Massage For Babies

By Anna Lynn Sibal

Did you know that massage is just as enjoyable and beneficial to babies as it is to adults? Many proponents of complementary and alternative therapies are now recommending for massage to be administered to babies.

Just like in adults, massage will help an infant relax and sleep better. It also improves the baby’s circulation, which aids in enhancing health, and can also help the baby digest his or her food much easier. Most of all, massage strengthens the bond between the baby and the adult who gives the massage to him or her.

Below is a step-by-step guide to giving babies a massage.

1. Lay the baby on his or her back and then begin work on the face. With light and gentle strokes, massage the forehead with your fingers going outward to the temples. Afterwards, proceed from the nose to the ears, and then from the cheeks down to the chin.

2. Place your hands on the baby’s chest and rub your hands upward and then going outward to the arms.

3. Stroke the baby's belly, around the navel in particular, in a clockwise direction. After that, gently wring the baby’s belly and work your way upward.

4. Raise the baby's arm and stroke it with both hands from the shoulder to the wrist. Squeeze the baby’s hand and then rub the palm with your thumb. Remember to rub and rotate each finger.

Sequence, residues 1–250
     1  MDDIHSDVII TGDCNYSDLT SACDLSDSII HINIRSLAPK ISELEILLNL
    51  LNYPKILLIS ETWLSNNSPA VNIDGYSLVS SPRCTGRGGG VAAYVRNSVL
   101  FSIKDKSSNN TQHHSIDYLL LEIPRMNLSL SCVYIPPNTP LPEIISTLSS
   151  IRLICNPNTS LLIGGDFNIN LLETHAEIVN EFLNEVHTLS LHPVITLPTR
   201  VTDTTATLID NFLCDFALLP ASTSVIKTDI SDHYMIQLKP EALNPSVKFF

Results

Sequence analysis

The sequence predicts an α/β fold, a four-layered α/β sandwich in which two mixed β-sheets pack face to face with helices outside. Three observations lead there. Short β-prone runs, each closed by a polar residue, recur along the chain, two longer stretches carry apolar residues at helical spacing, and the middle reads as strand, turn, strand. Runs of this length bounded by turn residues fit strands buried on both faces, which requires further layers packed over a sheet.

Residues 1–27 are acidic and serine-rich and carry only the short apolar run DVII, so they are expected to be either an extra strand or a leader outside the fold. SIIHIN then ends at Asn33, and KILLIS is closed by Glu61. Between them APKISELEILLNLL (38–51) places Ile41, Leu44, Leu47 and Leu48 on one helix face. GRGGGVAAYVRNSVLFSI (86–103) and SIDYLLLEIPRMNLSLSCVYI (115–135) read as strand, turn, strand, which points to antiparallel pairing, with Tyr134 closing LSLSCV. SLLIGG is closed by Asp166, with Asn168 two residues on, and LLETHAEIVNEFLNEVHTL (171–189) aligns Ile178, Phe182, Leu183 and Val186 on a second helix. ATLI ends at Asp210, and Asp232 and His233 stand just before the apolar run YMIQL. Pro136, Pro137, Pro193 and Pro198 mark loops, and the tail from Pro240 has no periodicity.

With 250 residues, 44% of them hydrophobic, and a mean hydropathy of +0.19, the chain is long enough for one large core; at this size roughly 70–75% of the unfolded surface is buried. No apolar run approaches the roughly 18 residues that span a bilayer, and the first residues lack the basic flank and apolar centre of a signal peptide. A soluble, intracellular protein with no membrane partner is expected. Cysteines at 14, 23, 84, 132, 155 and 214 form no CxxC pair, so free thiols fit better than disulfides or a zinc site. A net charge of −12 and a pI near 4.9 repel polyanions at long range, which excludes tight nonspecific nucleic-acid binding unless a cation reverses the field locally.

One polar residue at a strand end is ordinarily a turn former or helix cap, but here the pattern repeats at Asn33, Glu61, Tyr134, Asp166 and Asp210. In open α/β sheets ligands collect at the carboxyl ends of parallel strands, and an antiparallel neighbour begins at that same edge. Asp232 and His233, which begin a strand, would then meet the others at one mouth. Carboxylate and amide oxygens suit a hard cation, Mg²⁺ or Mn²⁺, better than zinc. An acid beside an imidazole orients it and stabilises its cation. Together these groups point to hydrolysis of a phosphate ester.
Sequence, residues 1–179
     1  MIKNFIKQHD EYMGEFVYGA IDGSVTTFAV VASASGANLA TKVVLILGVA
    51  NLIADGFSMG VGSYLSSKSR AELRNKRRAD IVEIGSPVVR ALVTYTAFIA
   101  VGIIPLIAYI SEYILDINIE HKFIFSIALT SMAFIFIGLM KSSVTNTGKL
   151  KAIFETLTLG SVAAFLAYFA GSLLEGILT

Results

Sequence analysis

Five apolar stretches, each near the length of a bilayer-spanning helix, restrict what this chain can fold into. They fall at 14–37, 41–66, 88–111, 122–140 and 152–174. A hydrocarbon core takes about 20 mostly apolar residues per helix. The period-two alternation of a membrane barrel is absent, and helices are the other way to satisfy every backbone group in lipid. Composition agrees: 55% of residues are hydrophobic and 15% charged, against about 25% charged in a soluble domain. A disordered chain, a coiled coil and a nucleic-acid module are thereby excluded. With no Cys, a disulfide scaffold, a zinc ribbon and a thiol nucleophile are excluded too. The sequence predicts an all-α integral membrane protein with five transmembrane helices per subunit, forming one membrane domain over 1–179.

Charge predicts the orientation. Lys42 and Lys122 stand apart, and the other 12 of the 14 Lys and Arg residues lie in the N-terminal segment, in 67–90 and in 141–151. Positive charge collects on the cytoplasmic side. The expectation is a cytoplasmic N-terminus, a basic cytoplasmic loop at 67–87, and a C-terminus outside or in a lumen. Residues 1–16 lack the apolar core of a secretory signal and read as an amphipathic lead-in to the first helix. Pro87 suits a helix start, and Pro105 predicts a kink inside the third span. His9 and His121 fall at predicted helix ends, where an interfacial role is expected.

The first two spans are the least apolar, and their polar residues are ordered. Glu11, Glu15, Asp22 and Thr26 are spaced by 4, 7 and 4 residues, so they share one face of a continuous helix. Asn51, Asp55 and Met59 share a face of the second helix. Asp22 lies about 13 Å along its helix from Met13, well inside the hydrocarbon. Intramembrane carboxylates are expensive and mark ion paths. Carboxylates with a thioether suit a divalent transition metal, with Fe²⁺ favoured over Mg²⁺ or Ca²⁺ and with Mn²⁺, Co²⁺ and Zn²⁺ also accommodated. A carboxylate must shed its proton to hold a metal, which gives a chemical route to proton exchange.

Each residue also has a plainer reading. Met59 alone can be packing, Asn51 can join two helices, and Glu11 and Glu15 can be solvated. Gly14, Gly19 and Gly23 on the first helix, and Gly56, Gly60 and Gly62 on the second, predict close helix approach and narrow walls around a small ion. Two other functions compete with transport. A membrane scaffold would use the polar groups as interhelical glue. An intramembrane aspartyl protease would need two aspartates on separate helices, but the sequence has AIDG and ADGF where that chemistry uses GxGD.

5. Wring the baby's legs, one at a time, and then squeeze each leg starting from the ankle to the thigh. As you go back down to the ankle, make the return stroke as feather-light as possible.

6. Gently lay the baby on his or her stomach and begin stroking the back. As with the chest, move your hands upward and then out towards the arms. Knead the shoulders lightly.

7. Massage the baby’s buttocks by pinching or kneading.

8. Lightly rub your hands along the spine of the baby, starting from the neck to the tailbone.

9. Glide your fingers along the legs. To massage the baby's feet, bend the leg at the knee and clasp the ankles. Slowly rotate the foot, and then rotate and pull at the toes. Squeeze the baby’s heel and then rub your thumb along the arch and sole. Repeat these with the other foot.

10. End the massage by letting your fingers glide from the baby’s head, down to the toes.

Massage is good for the baby's well-being. If you do this to your baby on a regular basis, you will find it an enjoyable way to bond with your baby. However, always remember to keep your touch on the baby’s skin gentle and feather-light. Warm your hands first before starting the massage. The baby may squirm a lot so you just have to keep patient with him or her. If the baby is showing discomfort at what you are doing, just end the massage. Avoid doing this if the baby is a little feverish, because massage may make the fever worse, or if the baby has just eaten.

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